Michael Kauzlaric, technology scout and grower outreach liaison for the Vineland Research & Innovation Centre in Ontario, is on the same page and watching the rise of a number of technologies including artificial intelligence, predictive modeling, augmented reality, and virtual reality. All of these innovations allow for speedy and often remote decision making. “It’s all about hands-free farming,” Kauzlaric says.
The quest for better quality has also spurred research to prevent the one-and-done experience in stores. If a shopper has a bad experience with an overly ripe piece of fruit, in many cases, he or she will not purchase the item a second time.
Kauzlaric says suppliers are pouring research dollars into better preconditioning processes and ripening rooms to ensure fruit is in optimal form when it leaves the packer.
Another facet of providing a better customer experience is monitoring temperatures from field to truck to retail shelf. Tracking temperatures is not new, but better tools for real-time data availability continue to progress.
“There’s been a shift in our customers wanting access to data in real time and to make adjustments on demand,” says Amy Childress, vice president of marketing for cargo solutions at Emerson Commercial & Residential Solutions in Boise, ID.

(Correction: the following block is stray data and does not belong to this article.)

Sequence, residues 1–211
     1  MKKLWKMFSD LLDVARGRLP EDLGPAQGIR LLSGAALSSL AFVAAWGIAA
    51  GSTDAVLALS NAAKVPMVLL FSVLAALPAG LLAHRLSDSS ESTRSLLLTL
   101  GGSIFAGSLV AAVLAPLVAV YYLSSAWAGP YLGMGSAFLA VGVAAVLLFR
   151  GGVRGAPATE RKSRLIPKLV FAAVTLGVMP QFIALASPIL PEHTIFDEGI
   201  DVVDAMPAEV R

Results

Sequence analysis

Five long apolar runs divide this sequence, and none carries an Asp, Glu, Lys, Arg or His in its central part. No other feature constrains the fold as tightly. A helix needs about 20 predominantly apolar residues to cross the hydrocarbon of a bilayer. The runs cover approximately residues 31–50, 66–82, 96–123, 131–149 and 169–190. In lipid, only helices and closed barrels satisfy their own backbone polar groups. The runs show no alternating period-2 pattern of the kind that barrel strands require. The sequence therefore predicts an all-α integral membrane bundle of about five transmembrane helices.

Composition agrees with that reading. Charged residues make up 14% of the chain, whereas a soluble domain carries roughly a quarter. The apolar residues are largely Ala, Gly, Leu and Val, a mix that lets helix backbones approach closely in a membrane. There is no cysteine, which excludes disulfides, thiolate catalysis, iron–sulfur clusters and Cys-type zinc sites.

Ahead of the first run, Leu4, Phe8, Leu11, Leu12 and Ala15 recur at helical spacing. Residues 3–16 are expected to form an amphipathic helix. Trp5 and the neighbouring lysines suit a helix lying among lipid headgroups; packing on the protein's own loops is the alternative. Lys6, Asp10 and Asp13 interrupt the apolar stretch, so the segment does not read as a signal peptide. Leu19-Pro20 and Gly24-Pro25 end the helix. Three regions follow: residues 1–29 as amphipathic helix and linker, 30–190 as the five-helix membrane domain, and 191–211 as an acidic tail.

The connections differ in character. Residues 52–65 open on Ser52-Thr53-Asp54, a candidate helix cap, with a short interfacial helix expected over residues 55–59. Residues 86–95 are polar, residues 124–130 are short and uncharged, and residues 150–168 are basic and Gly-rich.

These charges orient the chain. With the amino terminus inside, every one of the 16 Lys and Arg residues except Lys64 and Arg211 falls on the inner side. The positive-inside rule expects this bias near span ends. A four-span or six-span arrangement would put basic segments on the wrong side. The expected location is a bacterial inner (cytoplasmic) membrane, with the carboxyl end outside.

This need is addressed with cellular-based technologies in which data is stored in the cloud, enabling not only immediate access but proactive alerts. “It’s an expectation that customers will have access to temperature data anytime, anywhere,” Childress asserts.
Cold chain capabilities as a whole are also evolving. “The customer is really starting to look at the cold chain holistically,” she explains. “Customers recognize that freshness is cumulative, and they’re starting to sew together the different segments of the cold chain. There are seven to eight distinct segments, and they’re all linked, all monitored, and all equally important to the delivery of safe and fresh produce to the customer.”
With the rise of produce delivery, from AmazonFresh and supermarkets, has come a need for extended monitoring—right to the customer’s door.
“You can maintain the perfect temperature all along the cold chain, but then the delivery sits on the doorstep and isn’t put into the fridge for four hours—[so] you’re relying on the integrity of the insulated container,” contends Childress. For these situations, Emerson developed a small label that can monitor temperatures and send an alert if they go above or below a specified range.